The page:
Sunday, July 20, 2008

I Respectfully Disagree

By Richard Vedder

I like Margaret Spellings --a good deal. She has been a force for good in higher education, prodding the Establishment to innovate, to be more transparent, and to do good things. At the Education Summit in Chicago Thursday and Friday, she called together top leaders and got them to agree to push for positive change ---more transparency and measurement, better high school/college coordination and "articulation" (whatever that is), etc. She has raised hell about the awful state of accreditation, and wants accreditation to be a force for positive change, not merely a cartel of good old boys and girls that stifles innovation.

But I disagree with one big part of her farewell address (I suspect) to the higher education community, available here.

She said at the end of her remarks, "By educating 20 million more people over 20 years, we will increase our Gross Domestic Product by 500 billion dollars...Half a million more people will be employed..."

Where is the evidence? More than doubling enrollments in 17 years (what she is proposing) will mean reaching out to more and more persons of limited cognitive skills and questionable work habits. Do we need college educated clerks in discount retail stores, or college educated beauticians or mail carriers (12 percent of whom already have college degrees?) Brit Kirwan (Maryland higher education czar) notes in chatting with me that some of those mail carriers may have earned their degree in anticipation of moving up the occupational ladder --true and a good point, but we cannot have a nation of all chiefs and no followers.

What about the evidence that higher state university appropriations are not associated with positive economic growth? Indeed, my guess is that a doubling in enrollments, in and of itself, would lower GDP--shifting resources away from a highly productive economic machine governed by market discipline and to a less productive sector with stagnant productivity and a tendency to fight cost reduction, qualitative improvement, and change. To be sure, true structural reform in the system could modify that outcome, but frankly I am skeptical.

7 comments:

capeman said...

Soon, the abysmal Margaret Spellings will be gone, and Dr. Vedder will have lost his strongest ally. Even she, however, is not as hell-bent on hatcheting higher ed as is the good Doc.

Administrator said...

One of the problems in the U.S. today is that we have a generation of unwavering, relentless complainers. They are very diligent and disciplined in their effort to talk down everything to their level of self pity. No, it's not harder to be positive today, it just easier to criticise anything and everything.

There are others who see a problem and try to resolve it - while others stand by snickering and griping about the way a person (or group of people) want to fix the problem rather than offer help, or their ideas for solving the problem. And the reason they don't offer constructive ideas is because they have no clue that there even is a problem, it is not in their self-interests to see the problem fixed, or they don't have the self-confidence or backbone to pitch in.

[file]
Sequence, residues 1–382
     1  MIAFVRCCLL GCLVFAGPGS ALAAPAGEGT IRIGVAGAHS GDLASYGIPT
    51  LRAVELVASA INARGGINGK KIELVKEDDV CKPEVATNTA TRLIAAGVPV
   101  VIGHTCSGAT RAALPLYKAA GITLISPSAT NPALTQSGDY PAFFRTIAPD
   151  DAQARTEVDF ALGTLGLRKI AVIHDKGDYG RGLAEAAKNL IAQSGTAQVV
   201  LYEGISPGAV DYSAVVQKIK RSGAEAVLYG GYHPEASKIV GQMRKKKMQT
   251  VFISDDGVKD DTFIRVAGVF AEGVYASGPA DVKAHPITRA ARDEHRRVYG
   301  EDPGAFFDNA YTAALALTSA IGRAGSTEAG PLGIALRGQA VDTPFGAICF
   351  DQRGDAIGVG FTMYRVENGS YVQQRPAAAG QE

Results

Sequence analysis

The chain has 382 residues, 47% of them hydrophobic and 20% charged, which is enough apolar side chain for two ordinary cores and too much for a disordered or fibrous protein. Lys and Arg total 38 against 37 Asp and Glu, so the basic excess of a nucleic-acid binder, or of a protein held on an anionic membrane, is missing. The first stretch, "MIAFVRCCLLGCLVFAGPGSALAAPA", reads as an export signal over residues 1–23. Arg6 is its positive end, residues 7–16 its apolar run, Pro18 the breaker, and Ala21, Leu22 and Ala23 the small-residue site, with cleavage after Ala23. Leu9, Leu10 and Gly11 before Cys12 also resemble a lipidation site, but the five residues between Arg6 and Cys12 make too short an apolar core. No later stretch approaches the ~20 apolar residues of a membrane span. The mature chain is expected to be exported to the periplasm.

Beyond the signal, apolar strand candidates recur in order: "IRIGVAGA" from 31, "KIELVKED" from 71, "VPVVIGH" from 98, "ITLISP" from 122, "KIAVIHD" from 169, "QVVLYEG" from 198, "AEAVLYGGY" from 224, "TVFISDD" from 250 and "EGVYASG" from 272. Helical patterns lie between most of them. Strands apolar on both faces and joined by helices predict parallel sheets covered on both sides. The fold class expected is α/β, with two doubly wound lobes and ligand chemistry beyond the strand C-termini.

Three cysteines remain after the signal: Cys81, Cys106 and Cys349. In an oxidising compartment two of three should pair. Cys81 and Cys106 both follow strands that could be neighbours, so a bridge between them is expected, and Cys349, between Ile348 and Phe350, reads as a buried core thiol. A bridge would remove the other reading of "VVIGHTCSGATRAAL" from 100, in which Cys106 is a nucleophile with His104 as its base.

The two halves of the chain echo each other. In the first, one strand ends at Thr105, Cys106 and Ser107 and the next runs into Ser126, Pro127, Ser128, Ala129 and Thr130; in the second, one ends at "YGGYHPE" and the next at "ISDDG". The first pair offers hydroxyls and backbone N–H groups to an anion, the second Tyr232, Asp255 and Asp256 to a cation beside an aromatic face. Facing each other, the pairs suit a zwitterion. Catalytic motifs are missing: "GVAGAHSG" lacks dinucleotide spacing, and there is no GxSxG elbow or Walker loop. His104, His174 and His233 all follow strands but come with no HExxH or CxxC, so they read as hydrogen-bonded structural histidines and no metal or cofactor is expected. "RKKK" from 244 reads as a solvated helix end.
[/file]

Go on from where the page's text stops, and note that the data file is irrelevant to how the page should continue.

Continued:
How many people are there, that just retire and leave things as they are? A lot, but I don’t have a problem with that. How many people don't retire because they love what they do? Not many. Vedder has decided to take on a huge problem and fix it while the sharks and ankle-biters from the higher ed establishment and others berate him for spending his retirement years trying to leave higher ed a better place than he would have left it had he retired. I find that much more commendable, noble, and virtuous than people like Jeff Immelt, the Ivy Leaguer, running GE into the ground.

And I find it humorous that while these complainers spend their time finding things to bitch about, Vedder is planting seeds in Washington. These will be the people who lead and implement the changes he blogs about. It's a grand scheme. I just hope Vedder (and I) is (are) around to see the faces on the higher ed establishment in the future when they wake up and say, "What the hell happened to our status quo? Oh no!!"

Vedder has a ton of very strong allies. Every family that can’t afford to send their kid(s) to college and every kid that has to leverage his/her financial future to get into a school. I don’t even begin to think that if Vedder did a little marketing campaign to the families with future university and college bound children, that the families would respond by saying, “No thanks Dr. Vedder, we want to spend ourselves into insolvency. No sir, we don’t want higher education to be more affordable and productive.” On the contrary, there would be a much greater uprising. So we can assume that the complainers are "all for" fleecing American families. No better than the oil companies or the tax man or women.